Italy is preparing to vote in key general elections amid strong hopes of producing a government that will pull the eurozone's third largest economy out of recession. Italy's recovery is expected to help other eurozone economies as well.
The outcome of the election remains unpredictable as the final rally held by popular comedian Beppe Grillo's anti-establishment movement has added to the uncertainty. The anti-establishment movement has gained momentum over the last few weeks ahead of the elections, signifying the growing anger of Italians with the traditional political parties.
Italy has been struggling to come out of recession while a year of severe austerity measures have triggered widespread anger. The election will be crucial for the 17-member eurozone bloc as the next government's commitment to austerity policies will be vital.
Polling stations open at 08:00 local time (07:00 GMT) and close at 22:00 (21:00 GMT) on Sunday 24 February, and voting will continue between 08:00 (07:00 GMT) and 15:00 (14:00 GMT) on Monday 25 February. The results are expected soon afterwards. Nearly 47 million Italians are eligible to vote.
The centre-right coalition, led by former prime minister Silvio Berlusconi, and the centrist bloc, spearheaded by incumbent Prime Minister Mario Monti, are also in the fray.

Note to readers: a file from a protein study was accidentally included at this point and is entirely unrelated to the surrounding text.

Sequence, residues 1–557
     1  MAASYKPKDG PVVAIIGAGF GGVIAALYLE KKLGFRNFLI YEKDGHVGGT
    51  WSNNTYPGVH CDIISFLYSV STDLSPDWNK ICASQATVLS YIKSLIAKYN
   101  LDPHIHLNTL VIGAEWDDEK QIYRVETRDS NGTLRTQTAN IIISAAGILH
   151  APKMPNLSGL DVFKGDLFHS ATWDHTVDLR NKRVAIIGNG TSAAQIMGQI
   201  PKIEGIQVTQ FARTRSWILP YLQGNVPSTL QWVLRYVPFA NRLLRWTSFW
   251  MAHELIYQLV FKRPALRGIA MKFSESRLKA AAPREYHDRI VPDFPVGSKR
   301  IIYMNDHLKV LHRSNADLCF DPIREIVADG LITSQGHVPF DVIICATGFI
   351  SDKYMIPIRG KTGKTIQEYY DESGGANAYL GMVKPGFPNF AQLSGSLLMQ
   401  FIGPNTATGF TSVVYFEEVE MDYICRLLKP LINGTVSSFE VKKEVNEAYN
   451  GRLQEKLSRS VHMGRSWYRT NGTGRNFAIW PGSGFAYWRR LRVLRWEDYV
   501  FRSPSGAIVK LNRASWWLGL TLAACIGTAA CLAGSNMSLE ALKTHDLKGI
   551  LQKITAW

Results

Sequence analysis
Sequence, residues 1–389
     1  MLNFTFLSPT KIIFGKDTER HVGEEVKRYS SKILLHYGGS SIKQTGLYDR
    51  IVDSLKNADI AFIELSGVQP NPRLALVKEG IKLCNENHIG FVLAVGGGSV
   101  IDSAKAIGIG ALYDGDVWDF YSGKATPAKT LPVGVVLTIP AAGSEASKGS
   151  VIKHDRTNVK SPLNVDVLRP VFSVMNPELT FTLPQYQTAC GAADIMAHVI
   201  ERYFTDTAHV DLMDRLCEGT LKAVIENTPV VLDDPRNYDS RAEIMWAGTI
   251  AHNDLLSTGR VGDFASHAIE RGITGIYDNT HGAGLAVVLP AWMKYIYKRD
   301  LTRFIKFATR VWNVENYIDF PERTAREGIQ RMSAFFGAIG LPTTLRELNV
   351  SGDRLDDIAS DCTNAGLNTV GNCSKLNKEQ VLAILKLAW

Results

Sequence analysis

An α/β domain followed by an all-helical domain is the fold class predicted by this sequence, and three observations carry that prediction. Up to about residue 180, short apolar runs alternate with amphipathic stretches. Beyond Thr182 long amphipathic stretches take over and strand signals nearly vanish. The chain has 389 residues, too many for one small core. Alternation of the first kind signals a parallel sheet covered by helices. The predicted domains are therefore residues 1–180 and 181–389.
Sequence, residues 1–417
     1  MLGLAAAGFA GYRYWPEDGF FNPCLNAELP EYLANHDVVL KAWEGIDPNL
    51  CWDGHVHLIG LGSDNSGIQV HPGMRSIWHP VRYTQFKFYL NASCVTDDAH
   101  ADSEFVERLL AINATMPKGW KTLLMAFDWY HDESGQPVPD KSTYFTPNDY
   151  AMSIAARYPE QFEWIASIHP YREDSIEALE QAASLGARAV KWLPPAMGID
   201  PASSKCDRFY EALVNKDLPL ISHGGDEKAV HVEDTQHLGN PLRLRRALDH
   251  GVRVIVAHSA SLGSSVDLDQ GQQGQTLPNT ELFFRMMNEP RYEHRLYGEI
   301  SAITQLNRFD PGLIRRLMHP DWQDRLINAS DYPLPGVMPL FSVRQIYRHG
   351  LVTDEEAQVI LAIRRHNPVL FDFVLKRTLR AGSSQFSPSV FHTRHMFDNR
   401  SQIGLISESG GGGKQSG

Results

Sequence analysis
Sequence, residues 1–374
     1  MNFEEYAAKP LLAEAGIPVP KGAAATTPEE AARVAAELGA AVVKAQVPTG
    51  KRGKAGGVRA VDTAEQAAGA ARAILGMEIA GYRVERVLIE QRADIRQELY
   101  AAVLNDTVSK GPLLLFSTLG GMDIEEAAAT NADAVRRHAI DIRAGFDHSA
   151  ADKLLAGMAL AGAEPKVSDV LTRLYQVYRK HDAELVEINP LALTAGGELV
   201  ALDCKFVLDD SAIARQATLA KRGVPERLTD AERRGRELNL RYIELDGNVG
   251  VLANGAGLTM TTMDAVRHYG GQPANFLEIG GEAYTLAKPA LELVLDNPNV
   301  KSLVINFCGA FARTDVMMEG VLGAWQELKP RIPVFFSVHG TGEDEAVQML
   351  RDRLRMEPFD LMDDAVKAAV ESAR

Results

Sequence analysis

The elections have been brought forward after Berlusconi's party had withdrawn support for Monti. Monti's technocrat government rose to power following the debt crisis more than a year ago.
Although the centre-left coalition leader Pier Luigi Bersani was leading the opinion polls published two weeks before the elections, analysts have cast doubt on whether he will be able to form a government after the election.
"The absentee ballot is growing and it's an act of protest against traditional parties. Secondly, populist, anti-establishment and anti-Europe movements are also growing," Alessandro Barbano, the editor-in-chief of the daily II Mattino told Euronews.
Monti's party is likely to back Bersani if he wins the election, predict experts.
The coalition forming the government will have a tough time to pull the country out of a 20-year recession.